"When you upload or otherwise submit content to our Services, you give Google (and those we work with) a worldwide license to use, host, store, reproduce, modify, create derivative works (such as those resulting from translations, adaptations or other changes we make so that your content works better with our Services), communicate, publish, publicly perform, publicly display and distribute such content. The rights you grant in this license are for the limited purpose of operating, promoting, and improving our Services, and to develop new ones"
Yikes - no thank you. I'll keep my own stuff for $10/month thank you. Here is Microsoft's SkyDrive TOS (Skydrive is where Web Apps are stored):
"5. Your Content: Except for material that we license to you, we don't claim ownership of the content you provide on the service. Your content remains your content. We also don't control, verify, or endorse the content that you and others make available on the service."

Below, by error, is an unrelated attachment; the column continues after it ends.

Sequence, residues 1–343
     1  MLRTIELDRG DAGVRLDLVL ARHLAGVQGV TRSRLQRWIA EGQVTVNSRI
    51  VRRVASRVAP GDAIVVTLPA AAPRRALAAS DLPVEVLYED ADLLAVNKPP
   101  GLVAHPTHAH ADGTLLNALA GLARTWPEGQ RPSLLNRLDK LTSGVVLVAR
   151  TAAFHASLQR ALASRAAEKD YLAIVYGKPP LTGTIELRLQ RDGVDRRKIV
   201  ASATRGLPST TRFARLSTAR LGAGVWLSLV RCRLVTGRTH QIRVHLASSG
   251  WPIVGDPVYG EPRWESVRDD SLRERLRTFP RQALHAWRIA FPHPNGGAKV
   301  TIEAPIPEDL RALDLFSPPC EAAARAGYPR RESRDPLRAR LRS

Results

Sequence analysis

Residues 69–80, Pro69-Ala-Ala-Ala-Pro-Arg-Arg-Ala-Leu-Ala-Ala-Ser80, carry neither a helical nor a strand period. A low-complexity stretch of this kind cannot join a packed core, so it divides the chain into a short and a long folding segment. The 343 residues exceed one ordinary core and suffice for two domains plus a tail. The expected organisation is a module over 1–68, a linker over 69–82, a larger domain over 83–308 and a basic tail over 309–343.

In a nutshell, here's the deal. Google Docs is a great tool that will actually eat away at some of Microsoft's Office marketshare. I just think we need to keep a little perspective in the argument, that's all. What demographics will be most likely affected? Chromebookers, people who hate using Office, people who steal Office, and nobody else. I don't think losing those demographics will kill anything, just sayin.

Friday, November 8, 2013

Get Points Just for Watching

Today Ars Technica is reporting that Microsoft will be including "Media Achievements" with the new Xbox One. Essentially that seems to mean that Xbox One users will get awards for consuming media. Have we really come to the point as a society where we now earn merit badges for watching entire seasons of "The Walking Dead"? The place where sitting in front of Hulu for 18 hours is seen as some sort of achievement?

Yeah... Got it, mom. Outside... Play...Fresh air... How's it going with those Lunchables?